In These New Times

A new paradigm for a post-imperial world

China shows rancour at Russian doublespeak

Posted by seumasach on July 26, 2016

Whilst it is clear that Putin seeks, above all, a Moscow-Washington partnership, it is not clear that this is incompatible with an equally strong partnership with China. Indeed, such a partnership would be the basis of Eurasian integration. Still, one would expect Washington try to drive a wedge between Russia and China. A  Trump presidency would likely engage more closely with Moscow, perhaps finally bringing to an the Cold War. Hence, his seeming indifference to NATO. But he would at rhetorically challenge China even as the Chinese buy up broad swathes of the US economy. This triangular, US-Russia-China interplay may throw some light on the mystery of Brexit: the one clear consequence of Brexit, apart from destroying the British economy and the power of the City of London, seems to be a realignment of UK foreign policy with that of Washington after tensions had arisen over British membership of the Asian Infrastructure Investment Bank and the lately departed George Osborne’s wooing of China as well as the accompanying Russophobia.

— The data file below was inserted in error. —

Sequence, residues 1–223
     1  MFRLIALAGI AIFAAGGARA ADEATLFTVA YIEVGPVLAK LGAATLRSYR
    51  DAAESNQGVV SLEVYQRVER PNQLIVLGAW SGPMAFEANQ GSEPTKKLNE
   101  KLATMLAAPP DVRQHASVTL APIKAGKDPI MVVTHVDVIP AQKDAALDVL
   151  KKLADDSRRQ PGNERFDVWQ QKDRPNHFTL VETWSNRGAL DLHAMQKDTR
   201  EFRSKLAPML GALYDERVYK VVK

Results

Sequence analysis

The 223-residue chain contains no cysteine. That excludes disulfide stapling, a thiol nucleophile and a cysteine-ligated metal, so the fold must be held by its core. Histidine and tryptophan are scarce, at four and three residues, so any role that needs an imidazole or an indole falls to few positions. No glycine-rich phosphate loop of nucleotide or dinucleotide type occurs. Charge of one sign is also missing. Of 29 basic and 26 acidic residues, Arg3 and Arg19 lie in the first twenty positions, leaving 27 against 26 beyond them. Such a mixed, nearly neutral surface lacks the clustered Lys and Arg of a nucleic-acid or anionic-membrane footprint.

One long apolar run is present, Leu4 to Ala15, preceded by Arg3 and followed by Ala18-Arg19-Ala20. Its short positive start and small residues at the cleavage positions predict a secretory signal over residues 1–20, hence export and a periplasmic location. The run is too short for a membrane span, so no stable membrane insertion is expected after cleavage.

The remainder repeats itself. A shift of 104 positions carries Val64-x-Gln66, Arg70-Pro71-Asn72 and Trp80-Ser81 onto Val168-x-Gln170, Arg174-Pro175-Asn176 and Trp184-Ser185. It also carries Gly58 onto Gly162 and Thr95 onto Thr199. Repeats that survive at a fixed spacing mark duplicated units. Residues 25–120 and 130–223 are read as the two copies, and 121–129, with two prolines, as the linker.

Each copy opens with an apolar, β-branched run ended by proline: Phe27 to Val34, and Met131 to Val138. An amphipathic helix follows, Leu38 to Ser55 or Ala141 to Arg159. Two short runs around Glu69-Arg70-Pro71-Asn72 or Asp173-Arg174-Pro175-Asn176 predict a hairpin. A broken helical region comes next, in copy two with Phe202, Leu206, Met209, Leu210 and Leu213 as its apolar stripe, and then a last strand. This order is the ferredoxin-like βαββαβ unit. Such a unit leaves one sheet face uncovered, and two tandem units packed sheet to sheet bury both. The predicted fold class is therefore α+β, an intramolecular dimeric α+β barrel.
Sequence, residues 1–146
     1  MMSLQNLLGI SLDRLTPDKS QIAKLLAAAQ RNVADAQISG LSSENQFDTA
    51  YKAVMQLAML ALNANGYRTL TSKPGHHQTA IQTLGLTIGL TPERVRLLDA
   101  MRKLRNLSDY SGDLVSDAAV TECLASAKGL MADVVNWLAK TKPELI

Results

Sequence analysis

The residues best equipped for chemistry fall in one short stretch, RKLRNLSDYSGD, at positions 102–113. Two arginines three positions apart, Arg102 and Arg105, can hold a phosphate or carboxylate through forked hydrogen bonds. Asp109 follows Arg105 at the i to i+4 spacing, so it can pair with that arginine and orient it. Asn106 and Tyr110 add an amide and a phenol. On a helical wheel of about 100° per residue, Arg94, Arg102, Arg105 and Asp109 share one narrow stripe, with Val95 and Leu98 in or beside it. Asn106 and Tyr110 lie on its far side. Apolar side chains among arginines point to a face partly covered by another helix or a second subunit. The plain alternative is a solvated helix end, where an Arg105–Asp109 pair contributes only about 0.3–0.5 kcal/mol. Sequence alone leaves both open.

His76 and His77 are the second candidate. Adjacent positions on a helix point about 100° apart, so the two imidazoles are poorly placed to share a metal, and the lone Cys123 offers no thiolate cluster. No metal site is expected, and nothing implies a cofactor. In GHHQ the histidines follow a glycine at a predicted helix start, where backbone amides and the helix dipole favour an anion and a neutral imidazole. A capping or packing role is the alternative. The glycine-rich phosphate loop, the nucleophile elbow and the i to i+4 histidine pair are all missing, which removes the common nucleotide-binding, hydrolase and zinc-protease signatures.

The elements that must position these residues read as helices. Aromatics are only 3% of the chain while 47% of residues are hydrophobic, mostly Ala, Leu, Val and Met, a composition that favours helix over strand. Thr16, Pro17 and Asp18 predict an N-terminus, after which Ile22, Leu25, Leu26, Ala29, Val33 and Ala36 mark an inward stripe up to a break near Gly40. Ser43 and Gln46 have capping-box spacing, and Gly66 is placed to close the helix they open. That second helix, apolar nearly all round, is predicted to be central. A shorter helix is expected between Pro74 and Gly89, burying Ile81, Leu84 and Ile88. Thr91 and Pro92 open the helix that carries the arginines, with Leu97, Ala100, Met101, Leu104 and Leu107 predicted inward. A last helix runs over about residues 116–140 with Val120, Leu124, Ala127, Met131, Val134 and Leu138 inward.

Indian Punchline

25th July, 2016

The scathing attack on Russian foreign policies in the Global Times newspaper on Sunday has no precedents. It goes way beyond the occasional sparring in a spirit of ‘glasnost’. Indeed, China-Russia Comprehensive Strategic Partnership of Coordination (as it is officially described) is not at all like what it appears. (Read my article in Asia Times Russia-China entente – Lofty rhetoric, shifty discourse.)

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